Then why doubled periods of impurity and purification for a daughter? One possibility is that giving birth to a virtual copy of herself, a girl who will someday also be able to create life, increases a mother's pride and so requires a longer punitive period. Another is that the period of impurity after bearing a son is interrupted by the brit mila, circumcision (Lev. 12:3). This powerful ritual reminds the proud mother of God's role in the birth and in the continued life of her son. Since ancient Judaism had no covenant ceremony for daughters, a longer impurity/purification period was required.

Modernity has taught us to recognize the absolute covenantal value of Jewish women, and the resultant development of covenant rituals for newborn daughters enables them, like their brothers, to remind us of God's presence in the world.

Chapter 12 provides the background to a well-known incident recorded for us in the B’rit Chadashah (Renewed Covenant). In Luke’s gospel account, we find Yeshua’s Torah-observant parents making fulfillment of this very mitzvah.

"When the time of their purification according to the Law of Moses had been completed, Joseph and Mary took him to Jerusalem to present him to the Lord (as it is written in the Law of the Lord, "Every firstborn male is to be consecrated to the Lord"), and to offer a sacrifice in keeping with what is said in the Law of the Lord: "a pair of doves or two young pigeons." (Luke 2:22-24, NIV)

Did Yosef or Miryam question the validity of applicability of these instructions? If they did, we certainly don’t hear about it in the Torah. I’m sure that curiosity and speculation were part of their human experience as well. Yet, we could learn a great deal from those who do not feel the need to know why everything is just so.

Chapters thirteen and fourteen discuss the topic of what is commonly called leprosy. The exact Hebrew word "tzara’at" is used over twenty times in these two passages alone. The word is used to describe an infectious skin disease. In most cases, the skin disease renders the inflicted person "tamei", that is ritually impure. The instructions given to the priests is to examine the individual, and if found unclean, they were to leave the commonwealth of the camp (vs. 45, 46).

An interesting side note to this pronouncement is that anyone coming in contact with the "unclean" was himself rendered "unclean". Similarly, this type of disease, if chronic, was seldom if ever completely healed. There are isolated individuals, such as Na’aman in our haftarah portion (2 Kings 4:42-5:19), that were completely and miraculously healed. Yet, one of the signs (among many signs) that was said to follow the genuine promised messiah, was the healing of tzara’at (read Matthew 11:2-6; 12:22-23; John 9:1-41). Why wouldn’t the uncleanness of the afflicted render the messiah unclean?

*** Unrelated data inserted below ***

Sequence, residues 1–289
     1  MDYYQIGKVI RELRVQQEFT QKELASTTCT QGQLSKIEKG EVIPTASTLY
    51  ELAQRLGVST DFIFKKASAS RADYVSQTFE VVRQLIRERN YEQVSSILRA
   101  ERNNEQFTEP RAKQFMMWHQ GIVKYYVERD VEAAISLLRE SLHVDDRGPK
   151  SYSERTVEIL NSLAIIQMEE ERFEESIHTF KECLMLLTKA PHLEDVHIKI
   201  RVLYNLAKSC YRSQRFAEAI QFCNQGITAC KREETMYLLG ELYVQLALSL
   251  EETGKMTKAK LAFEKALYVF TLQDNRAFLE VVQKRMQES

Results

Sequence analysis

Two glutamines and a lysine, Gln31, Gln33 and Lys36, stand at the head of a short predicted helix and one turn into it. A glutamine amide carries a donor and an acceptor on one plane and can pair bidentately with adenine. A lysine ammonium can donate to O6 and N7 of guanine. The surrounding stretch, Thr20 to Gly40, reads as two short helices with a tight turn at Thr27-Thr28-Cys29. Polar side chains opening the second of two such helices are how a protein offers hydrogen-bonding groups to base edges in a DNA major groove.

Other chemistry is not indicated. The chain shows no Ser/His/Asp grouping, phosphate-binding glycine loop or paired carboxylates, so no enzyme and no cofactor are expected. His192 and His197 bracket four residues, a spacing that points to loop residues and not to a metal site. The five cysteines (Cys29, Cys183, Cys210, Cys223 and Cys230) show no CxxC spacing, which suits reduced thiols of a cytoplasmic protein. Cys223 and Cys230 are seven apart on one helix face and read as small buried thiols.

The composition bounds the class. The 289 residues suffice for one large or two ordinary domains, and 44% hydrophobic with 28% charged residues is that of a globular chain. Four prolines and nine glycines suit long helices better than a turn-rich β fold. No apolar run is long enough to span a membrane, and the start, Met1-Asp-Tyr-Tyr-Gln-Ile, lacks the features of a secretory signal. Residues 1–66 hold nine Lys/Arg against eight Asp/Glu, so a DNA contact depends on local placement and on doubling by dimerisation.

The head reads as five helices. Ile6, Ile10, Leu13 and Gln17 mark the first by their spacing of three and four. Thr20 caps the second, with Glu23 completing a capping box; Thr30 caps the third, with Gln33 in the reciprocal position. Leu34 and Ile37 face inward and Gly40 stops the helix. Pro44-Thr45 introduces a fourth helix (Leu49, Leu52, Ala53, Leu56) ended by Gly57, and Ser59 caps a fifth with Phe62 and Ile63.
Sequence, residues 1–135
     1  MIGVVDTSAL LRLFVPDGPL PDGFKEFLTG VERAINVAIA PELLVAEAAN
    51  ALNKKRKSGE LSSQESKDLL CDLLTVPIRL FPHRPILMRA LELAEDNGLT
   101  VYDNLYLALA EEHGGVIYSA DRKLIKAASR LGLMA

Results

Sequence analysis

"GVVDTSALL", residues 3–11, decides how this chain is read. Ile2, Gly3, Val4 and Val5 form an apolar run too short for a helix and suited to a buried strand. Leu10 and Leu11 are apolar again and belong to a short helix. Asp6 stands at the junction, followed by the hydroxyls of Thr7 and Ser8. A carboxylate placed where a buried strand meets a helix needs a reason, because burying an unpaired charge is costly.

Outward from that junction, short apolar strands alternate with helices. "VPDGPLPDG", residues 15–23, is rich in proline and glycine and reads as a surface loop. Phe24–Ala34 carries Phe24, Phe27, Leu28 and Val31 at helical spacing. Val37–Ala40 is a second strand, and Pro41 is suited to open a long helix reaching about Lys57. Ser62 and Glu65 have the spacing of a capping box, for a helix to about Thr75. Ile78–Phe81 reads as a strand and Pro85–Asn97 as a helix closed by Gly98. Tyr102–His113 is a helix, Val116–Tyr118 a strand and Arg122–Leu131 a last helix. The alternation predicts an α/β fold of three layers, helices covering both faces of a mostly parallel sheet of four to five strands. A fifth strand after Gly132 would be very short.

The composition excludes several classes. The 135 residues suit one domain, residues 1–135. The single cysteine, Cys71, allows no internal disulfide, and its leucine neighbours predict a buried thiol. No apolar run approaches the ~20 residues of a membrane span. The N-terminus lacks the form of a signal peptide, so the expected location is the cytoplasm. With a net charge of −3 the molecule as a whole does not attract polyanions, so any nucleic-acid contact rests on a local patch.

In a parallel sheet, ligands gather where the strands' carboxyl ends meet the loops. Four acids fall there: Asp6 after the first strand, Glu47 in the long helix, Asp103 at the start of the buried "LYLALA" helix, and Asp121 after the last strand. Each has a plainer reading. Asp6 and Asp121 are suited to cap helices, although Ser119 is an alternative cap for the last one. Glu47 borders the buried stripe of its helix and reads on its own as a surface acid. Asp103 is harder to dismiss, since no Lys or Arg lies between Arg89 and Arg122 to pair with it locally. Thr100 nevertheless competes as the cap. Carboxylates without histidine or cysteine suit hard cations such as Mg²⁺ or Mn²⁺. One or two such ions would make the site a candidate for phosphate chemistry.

The proof that the coming messiah was a genuine and not a phony was demonstrated not only that he would heal the afflicted individual, but that he himself would not become defiled! In Yeshua’s example given in Mattityahu 8:1-4, our LORD instructed the former leper to go to the priest as a "testimony unto them" (KJV). This was done for at least two reasons: (1) in obedience to the very mitzvah found in our current parashah, vindicating Yeshua’s adherence to the Torah of Moshe, and (2) to authenticate the miracle—thus proving his claims to messiahship! In every single instance where he healed the inflicted, or raised the dead, his holiness did not decrease! His state of clean never diminished! On the contrary—disease and death always fled from his presence (reference the quote above by Marvin Wilson)! Surely he was The Messiah for those days! Surely he is The Messiah for us today!

Thus we learn in at least these two instances (the one involving Yeshua’s parents, and the instance with the leper) that HaShem’s masterful instructions, as outlined in the Torah, demonstrate their usefulness on a grander scale than just for those participants of the pre-Common Era community. His specific instructions—every minute detail would serve as historical and prophetic fulfillment of the life and ministry of the greatest Cohen Gadol (High Priest) that the Nation of Isra’el would ever know!

Thanks be unto our Heavenly Abba that as spiritually afflicted individuals, we no longer have to remain outside of the camp, sometimes—in the case of the individuals of the TaNaKH—indefinitely!

When our uncleaness encounters the holiness of the Prophet from Natzeret—our disease must flee! We have no need to go about crying, "Tamei! Tamei!" (Unclean! Unclean!). Rather, we have the freedom to proclaim, "Tahor! Tahor!" (Cleansed! Cleansed!)